Beirut, Zaytouna Bay, Lebanon
I have been in Beirut for the last few days working on a project. Last night, I had an opportunity to explore ‘DT’ or Downtown. We had dinner and no evening is complete without a visit to a cafe. Keeping my camera at my hip at all times, I carried on as per usual and we ended the night with a walk along the marina. A moments inspiration, with the background, technology abound we used out phones as the lightsource to create this image. After a few failed attempts, letter blunders and with the help of two passers-by, we finally got this shot!
‘ISO’ index stands for ‘International Standards Organisation’ which is a System which categorises sensitivity of light. Depending on your camera, most ISO settings go from 100 to 3200 or in some cases depending on make can go even higher. The ISO rating corresponds directly with the film ISO so an ISO 100 on a digital camera will be the same sensitivity on a 100 ISO film.
What are the benefits of ISO?
The benefits of being able to change ISO are that you can choose the light sensitivity of your sensor. So if you are in a dark condition/environment then you can increase interior light by increasing ISO. Hence as a general rule of thumb you want to have ISO above 3200 to be able to take some great pictures at night. Generally however below are the ISO the higher the quality of your image will be in terms of sharpness and colour. The moment you start increasing the ISO the more noisier the image will start to become. So you will need to think about what message you are trying to portray through your photography. Having a grainier image maybe style you prefer so increasing the ISO may not be such bad thing.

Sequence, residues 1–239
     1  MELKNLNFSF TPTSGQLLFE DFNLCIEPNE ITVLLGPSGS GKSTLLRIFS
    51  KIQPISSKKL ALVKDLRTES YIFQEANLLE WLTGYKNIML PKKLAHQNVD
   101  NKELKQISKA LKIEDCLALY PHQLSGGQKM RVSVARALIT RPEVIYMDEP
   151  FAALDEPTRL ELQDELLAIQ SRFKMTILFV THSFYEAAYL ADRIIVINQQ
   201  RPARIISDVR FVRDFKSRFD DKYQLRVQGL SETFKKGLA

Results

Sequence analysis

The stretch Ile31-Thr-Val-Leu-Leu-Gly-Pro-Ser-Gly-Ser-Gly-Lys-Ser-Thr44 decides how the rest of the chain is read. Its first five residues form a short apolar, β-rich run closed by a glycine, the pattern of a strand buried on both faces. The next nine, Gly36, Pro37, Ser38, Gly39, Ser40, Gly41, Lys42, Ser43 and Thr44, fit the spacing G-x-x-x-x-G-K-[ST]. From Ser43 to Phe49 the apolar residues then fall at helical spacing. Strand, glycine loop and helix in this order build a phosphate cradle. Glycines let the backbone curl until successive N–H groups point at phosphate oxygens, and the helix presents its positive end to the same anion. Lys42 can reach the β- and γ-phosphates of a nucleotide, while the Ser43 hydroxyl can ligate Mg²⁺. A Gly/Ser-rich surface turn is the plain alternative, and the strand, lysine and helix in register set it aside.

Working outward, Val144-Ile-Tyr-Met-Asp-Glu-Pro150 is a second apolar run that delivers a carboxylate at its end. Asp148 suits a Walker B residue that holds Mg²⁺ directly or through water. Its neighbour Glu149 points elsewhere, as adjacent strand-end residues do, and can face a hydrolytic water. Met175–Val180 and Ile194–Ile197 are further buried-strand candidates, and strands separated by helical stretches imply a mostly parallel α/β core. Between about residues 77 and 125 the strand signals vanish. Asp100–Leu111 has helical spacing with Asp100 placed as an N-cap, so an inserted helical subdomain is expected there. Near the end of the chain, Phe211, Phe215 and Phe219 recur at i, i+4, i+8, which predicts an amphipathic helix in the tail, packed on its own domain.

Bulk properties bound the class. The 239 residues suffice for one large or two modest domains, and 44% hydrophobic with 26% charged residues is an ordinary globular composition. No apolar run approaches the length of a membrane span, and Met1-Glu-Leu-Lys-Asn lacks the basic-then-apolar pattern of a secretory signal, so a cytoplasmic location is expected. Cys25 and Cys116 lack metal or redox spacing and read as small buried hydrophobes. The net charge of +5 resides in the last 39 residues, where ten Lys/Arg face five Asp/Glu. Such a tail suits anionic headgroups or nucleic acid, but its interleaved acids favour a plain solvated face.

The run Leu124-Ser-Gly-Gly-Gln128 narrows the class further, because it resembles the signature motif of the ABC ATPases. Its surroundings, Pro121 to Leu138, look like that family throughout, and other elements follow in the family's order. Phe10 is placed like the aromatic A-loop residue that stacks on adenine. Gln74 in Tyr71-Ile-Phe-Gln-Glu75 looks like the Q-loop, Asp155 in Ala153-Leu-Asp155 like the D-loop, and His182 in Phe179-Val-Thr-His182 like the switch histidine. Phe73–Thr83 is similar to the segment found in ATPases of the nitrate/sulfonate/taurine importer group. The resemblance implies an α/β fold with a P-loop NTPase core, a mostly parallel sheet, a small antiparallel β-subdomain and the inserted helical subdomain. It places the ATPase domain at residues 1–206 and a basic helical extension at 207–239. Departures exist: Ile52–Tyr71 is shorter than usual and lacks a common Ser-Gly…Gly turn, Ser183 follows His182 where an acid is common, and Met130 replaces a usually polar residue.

What are some of the problems with ISO?
Luminance vs Chroma Noise
If you are manually adjusting your ISO you will may notice increased levels of noise (depending on your ISO setting). The two main types of noise you may find are known as ‘Chromatic’ and ‘Luminance’. Chromatic or ‘chroma’ noise is recognised by its multicoloured patter. Luminance noise can appear as black dots scattered across your image. Generally this is harder to reduce as it’s blends in with the real detail of the subject being photographed. You can get around noise problems by using Photoshop or other specialist software such as Noise Ninja of Dfine without losing the quality of your image.
What ISO setting should I put my camera on?
50-200 ISO – for a very bright sunny days
400 ISO- suitable for a overcast situations or if you need a faster shutter speed
800 ISO- generally for indoor photography or its situations of low light outdoors or if you want to avoid using flash
1600 ISO- generally for my shooting all lowlights indoors.
3200 ISO- same as above and be prepared for more noise on your images.
12800 ISO- Low light Wildlife photography
51200 ISO – You can shoot things which you can’t even see!
Next up – What’s the difference between JPEG, TIFF & RAW?